'To only owe €9m on a €39m stadium, that’s an unbelievable position to be in'
Munster CEO Garrett Fitzgerald believes the province has always been open to change.

WHILE MUNSTER’S COACHES and players have taken the brunt of the criticism over the province’s miserable run of form that culminated in the depressing defeat to Stade Français last weekend, questions have also been asked of the organisation itself.

Garrett Fitzgerald Donall Farmer / INPHO Munster CEO Garrett Fitzgerald spoke to the media today. Donall Farmer / INPHO / INPHO

Speaking on Sky Sports after Saturday’s loss in Paris, former Munster back row Alan Quinlan stated his belief that the province must undergo a root-and-branch review.

“I think this whole organisation needs to be dissected now and they need to look at the structure from the top to the bottom – including everyone – to figure out what’s gone wrong,” said Quinlan.

Quinlan’s comments struck a chord with many of the province’s supporters, with the growing consensus being that Munster have been mismanaged off the pitch as well as on it.

With Garrett Fitzgerald meeting the media this afternoon following the appointment of Andy Farrell as a temporary consultant, there was an opportunity for the Munster CEO to react to Quinlan’s suggestion.

“I’ve been involved, before I ever got involved in rugby, in business and different things like that. Every organisation needs constant reviewing,” said Fitzgerald, who worked in banking for 15 years before joining Munster.

“There’s lots of organisations in this country that don’t like the word ‘change’. We have certainly been through lots of changes over the last number of years. There is a recommended structure from the IRFU in each of the four provinces that probably replicates what they do at national level.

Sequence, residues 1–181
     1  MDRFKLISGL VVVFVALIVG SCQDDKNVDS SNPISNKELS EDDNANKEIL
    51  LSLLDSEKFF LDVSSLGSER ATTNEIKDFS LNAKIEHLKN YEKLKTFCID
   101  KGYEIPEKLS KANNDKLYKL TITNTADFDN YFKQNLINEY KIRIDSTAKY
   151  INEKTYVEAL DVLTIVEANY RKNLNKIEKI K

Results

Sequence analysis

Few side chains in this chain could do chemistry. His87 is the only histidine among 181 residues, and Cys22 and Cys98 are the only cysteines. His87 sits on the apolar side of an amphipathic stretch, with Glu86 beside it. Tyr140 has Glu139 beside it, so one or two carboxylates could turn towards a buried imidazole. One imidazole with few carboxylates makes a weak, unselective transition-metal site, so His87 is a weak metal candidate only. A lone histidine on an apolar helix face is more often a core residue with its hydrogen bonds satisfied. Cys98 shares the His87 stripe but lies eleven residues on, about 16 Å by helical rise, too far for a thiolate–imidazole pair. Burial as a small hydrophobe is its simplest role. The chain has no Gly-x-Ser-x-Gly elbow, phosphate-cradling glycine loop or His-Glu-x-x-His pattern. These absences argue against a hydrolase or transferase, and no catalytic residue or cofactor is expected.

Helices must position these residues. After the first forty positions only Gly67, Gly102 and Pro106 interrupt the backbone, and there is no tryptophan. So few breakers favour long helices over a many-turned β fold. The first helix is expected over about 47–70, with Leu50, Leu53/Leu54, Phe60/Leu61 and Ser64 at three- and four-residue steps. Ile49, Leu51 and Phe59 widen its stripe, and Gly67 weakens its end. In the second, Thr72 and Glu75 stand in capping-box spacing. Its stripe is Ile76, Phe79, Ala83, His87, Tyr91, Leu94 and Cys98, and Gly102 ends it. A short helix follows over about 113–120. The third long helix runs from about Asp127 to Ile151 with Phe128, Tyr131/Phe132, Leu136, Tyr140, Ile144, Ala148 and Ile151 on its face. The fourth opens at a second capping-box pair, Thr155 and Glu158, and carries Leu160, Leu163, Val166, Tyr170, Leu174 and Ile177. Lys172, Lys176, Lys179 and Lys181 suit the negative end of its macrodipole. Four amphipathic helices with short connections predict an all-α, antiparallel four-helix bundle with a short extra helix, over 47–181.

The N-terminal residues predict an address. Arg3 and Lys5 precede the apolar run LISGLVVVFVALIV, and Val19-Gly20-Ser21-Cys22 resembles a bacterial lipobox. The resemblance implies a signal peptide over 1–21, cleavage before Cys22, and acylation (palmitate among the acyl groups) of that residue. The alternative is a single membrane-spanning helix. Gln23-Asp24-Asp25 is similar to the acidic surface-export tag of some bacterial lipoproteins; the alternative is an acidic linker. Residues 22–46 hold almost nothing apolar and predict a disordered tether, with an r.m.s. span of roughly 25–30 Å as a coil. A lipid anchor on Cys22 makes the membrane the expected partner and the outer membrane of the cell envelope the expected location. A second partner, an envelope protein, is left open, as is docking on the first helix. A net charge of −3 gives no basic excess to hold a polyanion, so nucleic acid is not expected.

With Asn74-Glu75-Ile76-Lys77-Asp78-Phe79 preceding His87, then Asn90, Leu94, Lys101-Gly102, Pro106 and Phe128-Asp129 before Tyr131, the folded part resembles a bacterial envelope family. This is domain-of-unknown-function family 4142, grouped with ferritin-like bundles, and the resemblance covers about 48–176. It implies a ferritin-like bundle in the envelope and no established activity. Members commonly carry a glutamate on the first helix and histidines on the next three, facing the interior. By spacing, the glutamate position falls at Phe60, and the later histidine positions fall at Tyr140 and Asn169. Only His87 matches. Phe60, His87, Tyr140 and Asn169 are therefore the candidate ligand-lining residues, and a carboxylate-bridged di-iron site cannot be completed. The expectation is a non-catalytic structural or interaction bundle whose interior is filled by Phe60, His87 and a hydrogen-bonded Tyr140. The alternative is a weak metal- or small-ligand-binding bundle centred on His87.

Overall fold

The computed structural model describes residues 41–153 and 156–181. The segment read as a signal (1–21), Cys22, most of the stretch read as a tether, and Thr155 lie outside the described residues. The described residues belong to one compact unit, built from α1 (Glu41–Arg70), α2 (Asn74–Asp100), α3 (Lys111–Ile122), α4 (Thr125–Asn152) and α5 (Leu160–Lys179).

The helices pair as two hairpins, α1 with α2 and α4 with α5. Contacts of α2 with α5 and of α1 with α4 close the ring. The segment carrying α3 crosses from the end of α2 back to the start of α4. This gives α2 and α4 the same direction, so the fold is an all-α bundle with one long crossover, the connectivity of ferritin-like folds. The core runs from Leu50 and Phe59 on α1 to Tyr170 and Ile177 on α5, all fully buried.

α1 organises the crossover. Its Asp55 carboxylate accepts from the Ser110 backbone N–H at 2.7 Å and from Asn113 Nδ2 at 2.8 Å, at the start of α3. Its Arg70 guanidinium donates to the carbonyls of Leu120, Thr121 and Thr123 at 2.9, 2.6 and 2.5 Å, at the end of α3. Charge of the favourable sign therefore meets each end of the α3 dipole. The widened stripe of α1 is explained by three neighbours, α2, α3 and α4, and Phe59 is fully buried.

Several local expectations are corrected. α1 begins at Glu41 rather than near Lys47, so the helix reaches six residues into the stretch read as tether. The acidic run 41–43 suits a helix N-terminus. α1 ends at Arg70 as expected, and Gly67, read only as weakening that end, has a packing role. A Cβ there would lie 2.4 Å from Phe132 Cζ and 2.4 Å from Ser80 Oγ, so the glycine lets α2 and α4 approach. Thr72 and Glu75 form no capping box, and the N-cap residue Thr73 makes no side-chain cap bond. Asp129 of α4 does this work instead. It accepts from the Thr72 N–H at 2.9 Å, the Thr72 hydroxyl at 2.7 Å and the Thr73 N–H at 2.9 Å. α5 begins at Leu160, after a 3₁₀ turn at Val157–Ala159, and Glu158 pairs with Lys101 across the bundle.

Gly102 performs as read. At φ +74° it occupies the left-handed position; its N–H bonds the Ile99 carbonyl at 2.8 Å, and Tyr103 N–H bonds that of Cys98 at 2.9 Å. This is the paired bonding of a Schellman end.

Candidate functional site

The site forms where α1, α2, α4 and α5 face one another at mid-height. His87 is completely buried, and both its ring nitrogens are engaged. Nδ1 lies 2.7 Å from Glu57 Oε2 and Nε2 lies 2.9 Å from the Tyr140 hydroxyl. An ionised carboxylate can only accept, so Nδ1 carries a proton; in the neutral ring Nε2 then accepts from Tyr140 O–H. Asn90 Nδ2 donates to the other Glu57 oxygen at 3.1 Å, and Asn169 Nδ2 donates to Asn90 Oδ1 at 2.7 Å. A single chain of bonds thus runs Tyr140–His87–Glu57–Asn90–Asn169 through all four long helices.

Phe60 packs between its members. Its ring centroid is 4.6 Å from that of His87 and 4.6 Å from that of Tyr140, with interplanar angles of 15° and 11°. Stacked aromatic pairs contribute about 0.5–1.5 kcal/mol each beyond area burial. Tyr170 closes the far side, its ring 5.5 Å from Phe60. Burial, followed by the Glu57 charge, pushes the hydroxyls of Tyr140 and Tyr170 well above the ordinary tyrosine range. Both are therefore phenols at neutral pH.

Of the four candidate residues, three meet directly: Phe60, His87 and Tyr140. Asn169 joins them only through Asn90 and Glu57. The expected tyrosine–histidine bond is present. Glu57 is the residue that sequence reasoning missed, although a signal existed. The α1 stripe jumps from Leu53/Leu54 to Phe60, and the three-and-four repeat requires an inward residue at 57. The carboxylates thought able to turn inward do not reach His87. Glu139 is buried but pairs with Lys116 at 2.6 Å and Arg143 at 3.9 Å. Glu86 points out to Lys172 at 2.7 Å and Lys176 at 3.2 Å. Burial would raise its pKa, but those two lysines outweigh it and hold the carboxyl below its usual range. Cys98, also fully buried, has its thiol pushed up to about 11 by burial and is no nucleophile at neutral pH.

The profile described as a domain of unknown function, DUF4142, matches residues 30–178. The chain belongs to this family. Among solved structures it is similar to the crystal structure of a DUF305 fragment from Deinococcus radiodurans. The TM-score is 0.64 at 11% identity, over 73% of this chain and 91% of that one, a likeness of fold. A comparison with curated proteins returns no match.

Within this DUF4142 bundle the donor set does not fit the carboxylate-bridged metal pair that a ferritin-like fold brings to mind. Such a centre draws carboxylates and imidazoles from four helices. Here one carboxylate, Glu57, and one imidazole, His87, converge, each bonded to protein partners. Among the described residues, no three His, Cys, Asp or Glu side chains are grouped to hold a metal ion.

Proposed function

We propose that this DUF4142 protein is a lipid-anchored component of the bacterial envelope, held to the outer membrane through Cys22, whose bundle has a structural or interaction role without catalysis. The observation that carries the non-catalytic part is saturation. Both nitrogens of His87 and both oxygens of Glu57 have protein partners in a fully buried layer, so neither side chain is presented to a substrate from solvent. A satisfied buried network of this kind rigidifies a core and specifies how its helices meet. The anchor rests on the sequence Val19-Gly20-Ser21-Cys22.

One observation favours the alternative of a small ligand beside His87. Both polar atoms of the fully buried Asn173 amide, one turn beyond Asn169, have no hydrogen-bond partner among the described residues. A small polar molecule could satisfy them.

We’ve complied with all of that. We’ve been proactive over the years in promoting change. We’ve had at least two to three separate consultants in different areas of the organisation going back along with academy, domestic game, with everything else.

“We took part in Plan Ireland, the IRFU review of the professional game in Ireland. There’s ongoing reviews and we certainly will look at ourselves and always do. It isn’t as if we haven’t changed and I think an organisation that doesn’t change isn’t going to work any more. I have no issue with change and review.”

Whatever about Fitzgerald’s insistence that review has been a constant part of Munster’s modus operandi since he joined in 1999, the arguments that the province didn’t engage in forward planning during their era of Heineken Cup success will persist.

With attendances dwindling at Thomond Park and the province seemingly struggling to attract a consistently high-quality of signing from overseas, the feeling is that Munster is a fading organisation.

A general view of the crowd at tonight's game Billy Stickland / INPHO Attendances at Thomond Park have been cause for concern. Billy Stickland / INPHO / INPHO

Fitzgerald, however, doesn’t totally agree that more could have been done during the glory years to safeguard for the current struggles.

“If you look at what Munster did over the good years, we developed a stadium that cost €39million that has only €9m owed on it after about 10 years,” said Fitzgerald. “Lots of people would like to be in that position.